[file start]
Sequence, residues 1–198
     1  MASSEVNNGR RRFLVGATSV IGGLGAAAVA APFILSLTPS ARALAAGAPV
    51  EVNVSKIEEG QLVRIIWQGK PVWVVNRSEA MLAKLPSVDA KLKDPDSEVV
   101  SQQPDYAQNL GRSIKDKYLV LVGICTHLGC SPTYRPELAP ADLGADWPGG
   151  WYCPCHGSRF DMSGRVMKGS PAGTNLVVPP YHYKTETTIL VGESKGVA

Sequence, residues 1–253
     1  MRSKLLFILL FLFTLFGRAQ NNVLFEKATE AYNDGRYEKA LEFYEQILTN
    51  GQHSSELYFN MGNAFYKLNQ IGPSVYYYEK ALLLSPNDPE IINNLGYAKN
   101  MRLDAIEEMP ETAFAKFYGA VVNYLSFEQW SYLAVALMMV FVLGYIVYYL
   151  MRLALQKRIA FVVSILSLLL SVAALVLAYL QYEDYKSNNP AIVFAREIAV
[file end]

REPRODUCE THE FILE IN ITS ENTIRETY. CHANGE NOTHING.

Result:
Sequence, residues 1–198
     1  MASSEVNNGR RRFLVGATSV IGGLGAAAVA APFILSLTPS ARALAAGAPV
    51  EVNVSKIEEG QLVRIIWQGK PVWVVNRSEA MLAKLPSVDA KLKDPDSEVV
   101  SQQPDYAQNL GRSIKDKYLV LVGICTHLGC SPTYRPELAP ADLGADWPGG
   151  WYCPCHGSRF DMSGRVMKGS PAGTNLVVPP YHYKTETTIL VGESKGVA

Sequence, residues 1–253
     1  MRSKLLFILL FLFTLFGRAQ NNVLFEKATE AYNDGRYEKA LEFYEQILTN
    51  GQHSSELYFN MGNAFYKLNQ IGPSVYYYEK ALLLSPNDPE IINNLGYAKN
   101  MRLDAIEEMP ETAFAKFYGA VVNYLSFEQW SYLAVALMMV FVLGYIVYYL
   151  MRLALQKRIA FVVSILSLLL SVAALVLAYL QYEDYKSNNP AIVFAREIAV